AchieveAbility staff members provide a nutrition workshop to program participants. This workshop is part of the personal development component of the program and will help the participants and their families become self-sufficient.
Ferber notes that “education is a critical component to this program and is the key to permanently breaking the cycle of poverty.” If a participant does not have a high school diploma, AchieveAbility assists him or her in enrolling in GED preparation classes offered by a community college. If a participant has a high school diploma, AchieveAbility provides guidance for enrolling in postsecondary education courses and pays some education costs that are not covered by student grants and loans.
During the last three years, 47 program participants have received a two-year postsecondary degree or its equivalent, 18 have received a high school GED, and six have received a bachelor’s degree. Many of the participants are still in the program; they can remain until they receive a bachelor’s degree.
AchieveAbility measures the success of its program by the number of participants who successfully complete at least a two-year postsecondary degree, believing that participants will be able to support themselves with this amount of education. Of those who have left AchieveAbility’s program in the last three years, 37 percent have completed at least a two-year postsecondary degree or its equivalent.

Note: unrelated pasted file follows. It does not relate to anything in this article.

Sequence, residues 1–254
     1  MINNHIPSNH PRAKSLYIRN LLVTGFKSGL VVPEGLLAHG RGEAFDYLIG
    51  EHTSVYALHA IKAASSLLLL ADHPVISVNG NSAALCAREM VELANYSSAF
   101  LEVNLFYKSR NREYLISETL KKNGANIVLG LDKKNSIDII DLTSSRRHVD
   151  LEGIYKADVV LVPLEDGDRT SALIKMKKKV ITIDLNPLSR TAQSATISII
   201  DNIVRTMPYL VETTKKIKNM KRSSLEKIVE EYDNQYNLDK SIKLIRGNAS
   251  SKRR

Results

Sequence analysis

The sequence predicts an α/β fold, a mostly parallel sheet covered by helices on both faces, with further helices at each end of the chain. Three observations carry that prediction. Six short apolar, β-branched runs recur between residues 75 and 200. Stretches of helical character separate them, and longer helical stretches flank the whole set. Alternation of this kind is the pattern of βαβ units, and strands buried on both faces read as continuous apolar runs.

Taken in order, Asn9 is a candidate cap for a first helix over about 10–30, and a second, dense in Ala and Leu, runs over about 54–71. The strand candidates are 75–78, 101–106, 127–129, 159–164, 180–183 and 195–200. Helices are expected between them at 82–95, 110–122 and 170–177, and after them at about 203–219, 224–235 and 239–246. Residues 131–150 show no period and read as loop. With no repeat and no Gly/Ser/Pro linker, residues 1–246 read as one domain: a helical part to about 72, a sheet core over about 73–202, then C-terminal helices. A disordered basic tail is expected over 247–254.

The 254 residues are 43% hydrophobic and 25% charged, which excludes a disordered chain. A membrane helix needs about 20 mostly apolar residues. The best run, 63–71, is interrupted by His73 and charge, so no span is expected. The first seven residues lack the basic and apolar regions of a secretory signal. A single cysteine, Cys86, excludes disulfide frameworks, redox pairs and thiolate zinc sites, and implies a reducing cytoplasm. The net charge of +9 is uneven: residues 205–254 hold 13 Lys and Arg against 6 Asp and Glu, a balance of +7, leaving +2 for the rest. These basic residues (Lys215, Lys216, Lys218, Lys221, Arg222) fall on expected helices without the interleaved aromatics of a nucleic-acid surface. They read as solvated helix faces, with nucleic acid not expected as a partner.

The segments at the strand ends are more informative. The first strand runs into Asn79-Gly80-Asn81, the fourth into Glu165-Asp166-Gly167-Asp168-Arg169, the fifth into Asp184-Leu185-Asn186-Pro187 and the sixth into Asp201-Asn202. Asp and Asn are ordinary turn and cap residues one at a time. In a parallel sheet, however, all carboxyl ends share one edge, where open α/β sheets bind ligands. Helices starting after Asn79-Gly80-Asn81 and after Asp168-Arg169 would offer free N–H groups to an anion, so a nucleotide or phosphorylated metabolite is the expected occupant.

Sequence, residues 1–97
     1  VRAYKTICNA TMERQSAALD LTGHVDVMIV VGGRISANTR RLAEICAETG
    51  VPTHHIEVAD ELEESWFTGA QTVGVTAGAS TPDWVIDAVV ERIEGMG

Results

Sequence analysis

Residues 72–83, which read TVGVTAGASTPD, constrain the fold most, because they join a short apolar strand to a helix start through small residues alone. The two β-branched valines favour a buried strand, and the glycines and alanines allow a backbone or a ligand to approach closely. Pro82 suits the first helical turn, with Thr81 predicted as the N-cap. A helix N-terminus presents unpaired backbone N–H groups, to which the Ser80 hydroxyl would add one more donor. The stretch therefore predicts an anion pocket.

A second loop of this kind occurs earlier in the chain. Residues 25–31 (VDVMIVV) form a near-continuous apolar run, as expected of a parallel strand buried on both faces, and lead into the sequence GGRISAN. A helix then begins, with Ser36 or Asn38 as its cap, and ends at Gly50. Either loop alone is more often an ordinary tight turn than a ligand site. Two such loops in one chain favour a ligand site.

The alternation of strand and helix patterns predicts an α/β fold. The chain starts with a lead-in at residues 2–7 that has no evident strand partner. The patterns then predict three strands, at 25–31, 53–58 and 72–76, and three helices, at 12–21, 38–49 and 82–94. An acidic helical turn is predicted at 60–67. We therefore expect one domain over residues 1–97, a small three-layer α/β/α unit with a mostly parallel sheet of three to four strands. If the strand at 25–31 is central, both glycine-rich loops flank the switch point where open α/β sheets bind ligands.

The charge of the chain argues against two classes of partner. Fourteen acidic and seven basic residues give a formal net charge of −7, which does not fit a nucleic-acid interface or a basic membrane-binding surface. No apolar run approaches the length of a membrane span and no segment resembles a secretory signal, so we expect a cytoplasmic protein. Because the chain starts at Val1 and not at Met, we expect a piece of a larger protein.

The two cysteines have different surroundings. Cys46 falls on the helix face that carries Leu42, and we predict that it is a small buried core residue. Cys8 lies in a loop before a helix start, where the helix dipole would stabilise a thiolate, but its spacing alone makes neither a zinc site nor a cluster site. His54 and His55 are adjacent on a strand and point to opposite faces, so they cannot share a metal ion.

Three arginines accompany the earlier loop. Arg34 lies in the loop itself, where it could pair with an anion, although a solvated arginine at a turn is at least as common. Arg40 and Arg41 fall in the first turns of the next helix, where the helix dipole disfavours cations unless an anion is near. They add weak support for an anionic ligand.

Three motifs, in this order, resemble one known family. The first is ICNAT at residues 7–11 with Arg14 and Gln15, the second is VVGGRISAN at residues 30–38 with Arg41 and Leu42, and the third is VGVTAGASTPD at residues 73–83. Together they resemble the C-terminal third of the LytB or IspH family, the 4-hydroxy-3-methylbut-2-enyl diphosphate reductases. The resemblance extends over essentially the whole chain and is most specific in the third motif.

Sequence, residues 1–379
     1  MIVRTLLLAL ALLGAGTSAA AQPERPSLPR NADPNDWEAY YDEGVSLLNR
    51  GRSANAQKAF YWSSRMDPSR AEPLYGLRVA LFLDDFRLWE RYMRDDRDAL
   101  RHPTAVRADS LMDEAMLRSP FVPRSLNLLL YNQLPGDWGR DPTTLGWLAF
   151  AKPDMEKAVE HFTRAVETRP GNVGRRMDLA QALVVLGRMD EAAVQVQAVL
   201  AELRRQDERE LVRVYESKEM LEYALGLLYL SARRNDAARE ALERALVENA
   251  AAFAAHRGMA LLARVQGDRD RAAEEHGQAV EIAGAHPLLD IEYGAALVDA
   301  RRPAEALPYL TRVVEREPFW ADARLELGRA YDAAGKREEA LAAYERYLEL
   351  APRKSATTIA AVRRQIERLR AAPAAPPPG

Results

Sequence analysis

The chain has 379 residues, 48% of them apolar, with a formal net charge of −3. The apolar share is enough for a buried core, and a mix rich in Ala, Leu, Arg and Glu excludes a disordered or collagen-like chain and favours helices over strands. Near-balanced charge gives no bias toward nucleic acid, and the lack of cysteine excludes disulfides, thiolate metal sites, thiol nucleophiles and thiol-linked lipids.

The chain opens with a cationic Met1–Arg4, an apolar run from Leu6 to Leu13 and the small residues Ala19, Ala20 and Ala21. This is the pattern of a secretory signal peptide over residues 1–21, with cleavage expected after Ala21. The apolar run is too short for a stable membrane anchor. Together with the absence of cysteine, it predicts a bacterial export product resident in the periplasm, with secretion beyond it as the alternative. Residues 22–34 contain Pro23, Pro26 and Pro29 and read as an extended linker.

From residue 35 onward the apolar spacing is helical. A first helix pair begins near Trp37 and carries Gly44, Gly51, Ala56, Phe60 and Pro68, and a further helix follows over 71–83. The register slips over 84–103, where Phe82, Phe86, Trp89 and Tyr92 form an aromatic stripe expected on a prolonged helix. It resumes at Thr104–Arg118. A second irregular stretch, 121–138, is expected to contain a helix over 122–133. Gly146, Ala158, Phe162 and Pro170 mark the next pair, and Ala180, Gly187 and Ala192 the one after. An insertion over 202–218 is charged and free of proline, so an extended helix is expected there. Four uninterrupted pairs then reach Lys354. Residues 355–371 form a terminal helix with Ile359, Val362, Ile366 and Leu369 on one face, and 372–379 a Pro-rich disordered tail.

Measurement and accountability are important aspects of AchieveAbility’s program. The Family Self-Sufficiency Continuum has four components:
Participants receive an overall score based on their progress in each component. To remain in the program, participants must continue to improve their score and move toward self-sufficiency. They must also meet with counselors at least once each quarter to track their progress along the continuum.
AchieveAbility has developed over 200 housing units and currently owns and operates 145 units; 105 are permanent units and 40 are HUD-funded transitional units. While AchieveAbility has one 25-unit apartment building, the majority of its rental units are scattered-site row houses. It has used low-income housing tax credits (LIHTCs) to develop over 100 of its rental units. AchieveAbility has been successful in using LIHTCs to develop small scattered-site projects because the team follows the same model for each deal and works with a handful of investors.